A comparison of genomic laboratory reports and observations that may enhance their clinical utility for providers and patients

Kyle Walter Davis, Lori Hamby Erby, Katie Fiallos, Megan Martin, Edward Robert Wassman

Research output: Contribution to journalArticlepeer-review

4 Scopus citations


Purpose: To assess clinical chromosomal microarray (CMA) genomic testing reports for the following: (a) usage of reporting elements consistent with 2011 ACMG guidelines and other elements identified in the primary literature, (b) information quality, and (c) readability. Methods: We retrospectively analyzed genomic testing reports from 2011 to 2016 provided to, or by our laboratory to aid in clinical detection and interpretation of copy number variants. Analysis was restricted to the following sections: interpretation, recommendations, limitations, and citations. Analysis included descriptive characteristics, reporting elements, reading difficulty using the Simple Measure of Gobbledygook (SMOG), and quality ratings using a subset of questions adapted from the DISCERN-Genetics questionnaire. Results: The analysis included 44 unique reports from 26 laboratories comprising four groups: specialty laboratories (SL; N = 9), reference laboratories (RL; N = 12), hospital laboratories (HL; N = 10), and university-based laboratories (UL; N = 13). There were 23 abnormal/pathogenic reports and 21 of uncertain/unknown significance. Nine laboratories did not include one or more pieces of information based on ACMG guidelines; only one of ten laboratories reported condition-specific management/treatment information when available and relevant. Average quality ratings and readability scores were not significantly different between laboratory types or result classification. Conclusions: Reporting practices for most report elements varied widely; however, readability and quality did not differ significantly between laboratory types. Management and treatment information, even for well-known conditions, are rarely included. Effectively communicating test results may be improved if certain reporting elements are incorporated. Recommendations to improve laboratory reports are provided.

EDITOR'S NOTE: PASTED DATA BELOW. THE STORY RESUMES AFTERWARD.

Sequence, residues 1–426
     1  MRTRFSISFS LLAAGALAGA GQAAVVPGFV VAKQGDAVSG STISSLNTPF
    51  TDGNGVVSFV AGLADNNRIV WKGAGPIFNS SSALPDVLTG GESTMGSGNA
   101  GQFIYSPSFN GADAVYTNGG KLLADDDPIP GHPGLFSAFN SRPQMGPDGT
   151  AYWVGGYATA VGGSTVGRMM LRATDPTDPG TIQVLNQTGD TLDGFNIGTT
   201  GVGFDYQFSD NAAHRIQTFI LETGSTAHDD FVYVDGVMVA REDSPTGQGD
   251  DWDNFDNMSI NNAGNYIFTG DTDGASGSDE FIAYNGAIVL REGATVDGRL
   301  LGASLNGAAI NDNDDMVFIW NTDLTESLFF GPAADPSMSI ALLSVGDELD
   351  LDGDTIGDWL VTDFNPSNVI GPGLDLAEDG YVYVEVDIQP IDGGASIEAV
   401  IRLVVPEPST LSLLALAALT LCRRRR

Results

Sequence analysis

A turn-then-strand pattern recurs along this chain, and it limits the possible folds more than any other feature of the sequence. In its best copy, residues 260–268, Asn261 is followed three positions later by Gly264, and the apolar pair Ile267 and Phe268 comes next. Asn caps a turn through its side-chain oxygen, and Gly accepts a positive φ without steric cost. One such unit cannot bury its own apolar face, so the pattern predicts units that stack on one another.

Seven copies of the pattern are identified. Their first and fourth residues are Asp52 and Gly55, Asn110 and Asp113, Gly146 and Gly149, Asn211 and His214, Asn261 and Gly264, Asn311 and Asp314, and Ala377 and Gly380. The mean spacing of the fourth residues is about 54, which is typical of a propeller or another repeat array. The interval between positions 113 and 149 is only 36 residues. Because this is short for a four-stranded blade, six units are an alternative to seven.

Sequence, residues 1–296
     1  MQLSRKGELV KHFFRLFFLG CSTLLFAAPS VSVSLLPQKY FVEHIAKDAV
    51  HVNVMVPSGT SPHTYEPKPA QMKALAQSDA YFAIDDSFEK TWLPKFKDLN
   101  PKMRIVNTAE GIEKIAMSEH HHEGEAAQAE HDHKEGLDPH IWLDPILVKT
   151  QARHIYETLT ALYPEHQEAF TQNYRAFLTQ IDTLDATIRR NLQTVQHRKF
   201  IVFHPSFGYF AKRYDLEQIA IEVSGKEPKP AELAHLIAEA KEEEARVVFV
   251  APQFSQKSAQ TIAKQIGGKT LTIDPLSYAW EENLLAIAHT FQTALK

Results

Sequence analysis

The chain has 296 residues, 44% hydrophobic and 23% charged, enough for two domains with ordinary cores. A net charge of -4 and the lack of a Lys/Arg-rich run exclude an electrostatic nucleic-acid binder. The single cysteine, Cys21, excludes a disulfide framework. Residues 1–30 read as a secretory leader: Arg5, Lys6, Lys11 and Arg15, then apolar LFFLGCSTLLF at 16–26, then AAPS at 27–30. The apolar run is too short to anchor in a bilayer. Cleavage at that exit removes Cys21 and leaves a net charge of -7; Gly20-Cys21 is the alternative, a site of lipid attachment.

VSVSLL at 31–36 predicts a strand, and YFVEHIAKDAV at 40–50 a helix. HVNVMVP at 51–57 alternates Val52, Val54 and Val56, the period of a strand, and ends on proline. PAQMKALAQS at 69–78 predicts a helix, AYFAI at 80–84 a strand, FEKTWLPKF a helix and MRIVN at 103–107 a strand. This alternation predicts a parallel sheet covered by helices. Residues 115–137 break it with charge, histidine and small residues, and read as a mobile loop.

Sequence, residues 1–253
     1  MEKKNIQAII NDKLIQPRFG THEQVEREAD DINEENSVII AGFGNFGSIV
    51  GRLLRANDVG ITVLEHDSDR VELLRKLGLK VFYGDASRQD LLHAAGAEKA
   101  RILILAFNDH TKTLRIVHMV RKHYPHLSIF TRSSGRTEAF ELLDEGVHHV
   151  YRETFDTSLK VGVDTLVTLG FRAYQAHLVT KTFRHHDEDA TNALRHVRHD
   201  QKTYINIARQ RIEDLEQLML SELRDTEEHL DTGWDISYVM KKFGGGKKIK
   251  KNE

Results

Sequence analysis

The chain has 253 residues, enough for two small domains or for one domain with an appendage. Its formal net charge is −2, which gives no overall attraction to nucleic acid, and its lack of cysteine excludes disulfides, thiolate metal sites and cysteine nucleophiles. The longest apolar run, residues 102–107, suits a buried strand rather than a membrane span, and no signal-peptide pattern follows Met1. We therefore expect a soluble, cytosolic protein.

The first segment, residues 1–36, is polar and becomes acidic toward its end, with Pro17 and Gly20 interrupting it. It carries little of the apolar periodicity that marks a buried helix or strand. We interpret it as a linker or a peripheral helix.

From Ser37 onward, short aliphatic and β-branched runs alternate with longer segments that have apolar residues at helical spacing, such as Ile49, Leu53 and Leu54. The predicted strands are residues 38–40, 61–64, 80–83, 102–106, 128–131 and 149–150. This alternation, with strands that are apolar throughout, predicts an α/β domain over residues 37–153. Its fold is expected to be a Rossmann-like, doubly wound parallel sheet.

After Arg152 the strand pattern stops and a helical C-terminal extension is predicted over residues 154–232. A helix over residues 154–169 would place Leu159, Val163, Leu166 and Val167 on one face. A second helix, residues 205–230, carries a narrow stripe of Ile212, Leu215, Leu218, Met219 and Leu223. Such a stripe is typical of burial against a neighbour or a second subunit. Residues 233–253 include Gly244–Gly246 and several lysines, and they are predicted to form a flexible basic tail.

Original languageEnglish (US)
Article numbere00551
JournalMolecular Genetics and Genomic Medicine
Issue number7
StatePublished - Jul 2019
Externally publishedYes


  • genetic testing
  • genomics
  • health communication
  • health literacy
  • laboratory reports
  • patient communication
  • physician–patient relations
  • provider communication
  • shared decision making

ASJC Scopus subject areas

  • Molecular Biology
  • Genetics
  • Genetics(clinical)


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